September/October magazine opinion piece

Steven PSteven P New MemberPosts: 8Registered
Below is a piece that has appeared in the latest edition of Accounting Technician magazine. In it Stuart Etherington, chief executive of the National Council for Voluntary Organisations (NCVO), reflects on these challenging times.

What do you think on his comments? Do you agree? Reply to this thread and have your say.

If the headlines are to be believed, the credit crunch could mean the downfall of many UK charities. According to a survey by the Charity Commission earlier this year, more than half have been hit by recession, while nearly two-thirds of those with an income of more than £1m said they were concerned that the economic climate would have an impact on their work.

So how is the recession really affecting the charity sector? The first thing to note is that it’s not realistic to talk about the sector as a single entity. Size, the area they work in and geography will all play a part in how they fare. Some may emerge stronger, some may face increased demands and some will fail. So while it’s not all doom and gloom, we shouldn’t assume that there are unlimited opportunities.

A look at the NCVO’s latest Charity Forecast survey shows how mixed the picture is. It found that a growing number of charity leaders believe economic conditions in the UK will improve over the next 12 months. However, over one-third of respondents (37%), still fear that conditions are set to worsen for their own organisation in that time.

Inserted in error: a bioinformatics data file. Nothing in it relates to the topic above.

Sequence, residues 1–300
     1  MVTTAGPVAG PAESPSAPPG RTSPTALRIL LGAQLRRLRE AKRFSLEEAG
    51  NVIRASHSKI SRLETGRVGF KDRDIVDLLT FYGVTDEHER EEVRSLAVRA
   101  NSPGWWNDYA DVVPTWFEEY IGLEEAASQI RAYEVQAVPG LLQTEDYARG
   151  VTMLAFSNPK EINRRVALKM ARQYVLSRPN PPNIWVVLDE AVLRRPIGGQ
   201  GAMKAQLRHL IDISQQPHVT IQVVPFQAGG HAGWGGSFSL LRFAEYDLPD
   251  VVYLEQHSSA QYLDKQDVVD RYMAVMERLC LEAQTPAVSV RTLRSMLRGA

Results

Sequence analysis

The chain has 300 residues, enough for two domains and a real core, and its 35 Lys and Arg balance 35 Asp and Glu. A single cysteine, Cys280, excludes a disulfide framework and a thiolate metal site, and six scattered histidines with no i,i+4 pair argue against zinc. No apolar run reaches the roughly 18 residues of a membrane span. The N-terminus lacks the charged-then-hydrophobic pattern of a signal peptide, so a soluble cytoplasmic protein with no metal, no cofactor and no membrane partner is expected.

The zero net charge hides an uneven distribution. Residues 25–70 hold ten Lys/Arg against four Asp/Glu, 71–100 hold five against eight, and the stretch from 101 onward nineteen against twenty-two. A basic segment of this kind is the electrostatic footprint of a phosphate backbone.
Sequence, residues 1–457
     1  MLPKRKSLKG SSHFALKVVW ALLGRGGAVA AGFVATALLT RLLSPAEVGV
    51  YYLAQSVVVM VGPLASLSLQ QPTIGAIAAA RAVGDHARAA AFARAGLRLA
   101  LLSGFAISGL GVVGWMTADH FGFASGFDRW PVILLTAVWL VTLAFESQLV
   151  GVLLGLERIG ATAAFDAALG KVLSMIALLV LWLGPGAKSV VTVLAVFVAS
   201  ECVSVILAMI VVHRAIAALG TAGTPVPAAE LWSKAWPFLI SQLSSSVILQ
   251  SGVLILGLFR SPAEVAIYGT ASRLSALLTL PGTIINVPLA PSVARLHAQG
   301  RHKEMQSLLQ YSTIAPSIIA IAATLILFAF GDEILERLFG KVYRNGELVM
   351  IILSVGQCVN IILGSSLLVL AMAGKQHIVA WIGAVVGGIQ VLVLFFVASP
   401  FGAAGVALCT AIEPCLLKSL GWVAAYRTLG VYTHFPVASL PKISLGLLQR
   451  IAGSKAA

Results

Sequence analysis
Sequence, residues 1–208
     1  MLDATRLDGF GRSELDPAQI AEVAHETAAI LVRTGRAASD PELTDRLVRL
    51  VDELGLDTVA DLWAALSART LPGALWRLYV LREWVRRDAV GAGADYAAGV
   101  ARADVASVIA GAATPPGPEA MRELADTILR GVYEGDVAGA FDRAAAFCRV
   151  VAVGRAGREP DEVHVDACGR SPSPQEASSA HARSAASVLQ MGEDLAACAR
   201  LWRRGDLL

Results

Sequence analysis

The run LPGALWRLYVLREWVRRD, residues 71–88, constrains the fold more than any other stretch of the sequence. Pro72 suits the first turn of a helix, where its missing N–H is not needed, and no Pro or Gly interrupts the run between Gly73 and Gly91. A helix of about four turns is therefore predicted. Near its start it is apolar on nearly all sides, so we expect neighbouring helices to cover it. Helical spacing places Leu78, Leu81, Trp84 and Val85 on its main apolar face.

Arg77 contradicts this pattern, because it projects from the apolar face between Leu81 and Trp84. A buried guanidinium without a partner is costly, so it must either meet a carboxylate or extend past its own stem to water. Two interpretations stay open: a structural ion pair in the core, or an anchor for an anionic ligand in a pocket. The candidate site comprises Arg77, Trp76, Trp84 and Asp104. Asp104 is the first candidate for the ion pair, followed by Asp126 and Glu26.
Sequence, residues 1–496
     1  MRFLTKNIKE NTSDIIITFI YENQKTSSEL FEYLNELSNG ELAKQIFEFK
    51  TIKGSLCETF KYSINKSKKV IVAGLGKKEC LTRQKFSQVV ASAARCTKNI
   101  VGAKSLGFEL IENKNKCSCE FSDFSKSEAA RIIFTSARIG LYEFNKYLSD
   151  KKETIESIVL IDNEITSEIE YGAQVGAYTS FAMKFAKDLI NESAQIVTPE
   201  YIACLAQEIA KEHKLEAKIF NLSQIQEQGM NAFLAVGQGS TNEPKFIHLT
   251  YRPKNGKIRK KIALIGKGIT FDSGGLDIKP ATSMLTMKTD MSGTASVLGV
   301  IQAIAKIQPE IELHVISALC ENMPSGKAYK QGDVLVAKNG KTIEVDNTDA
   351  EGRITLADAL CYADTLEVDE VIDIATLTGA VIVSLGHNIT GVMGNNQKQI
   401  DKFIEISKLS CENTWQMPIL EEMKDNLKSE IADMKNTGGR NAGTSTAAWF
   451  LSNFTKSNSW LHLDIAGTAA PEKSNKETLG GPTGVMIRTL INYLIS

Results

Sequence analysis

The effects on funding
Clearly, Government funding and donations is crucial to the sector’s ability to emerge from any downturn. The evidence suggests that philanthropy is relatively resilient, but charitable giving is heavily dependent upon a core of 2.1 million donors. On a positive note, there is historical evidence from both the UK and the US which shows that recessions simply slow the rate of increase in charitable giving rather than halt it. And unpublished research by NCVO and the Charities Aid Foundation suggests that, in the last year, charitable giving levels have shown a small increase. But donors’ habits may change. Anecdotal evidence suggests that they will focus on causes they already support and change their giving method so more money reaches these causes

Volunteering is also just as important. In this current climate, many charities will be looking for help as the demand for their services increases. Accountants, in particular, are sought after as volunteers.

The next steps
Charities should consider a wide range of measures to secure their long-term future. They may have to act quickly and decisively, so good systems for receiving information about financial performance will make all the difference. Diversifying income streams and working in collaboration or merging may have to be considered to ensure survival. The Charity Forecast survey revealed that 68% of charity leaders expected more collaboration over the coming year.

Recently, the NCVO launched ‘Support in Uncertain Times’; which sets out options charities could consider during this difficult period. It is my belief that effective accounting will play a key part in an organisation’s survival, as will scenario planning for a range of incomes and having robust financial systems in place. Such measures will enable quick action in the event of a sudden drop in income.

It is too early to tell exactly what will happen in this downturn. We don’t know how long it will last, but it is likely that there will be less public money available for charities. Civil society may need to be more active in providing alternative solutions to this current situation. This is the time when we all need to pull together to make sure that local communities emerge from the recession stronger. This interdependence is crucial to building a new vision for social and economic stability.

You can also view this piece in the Accounting Technician section of the AAT's website.
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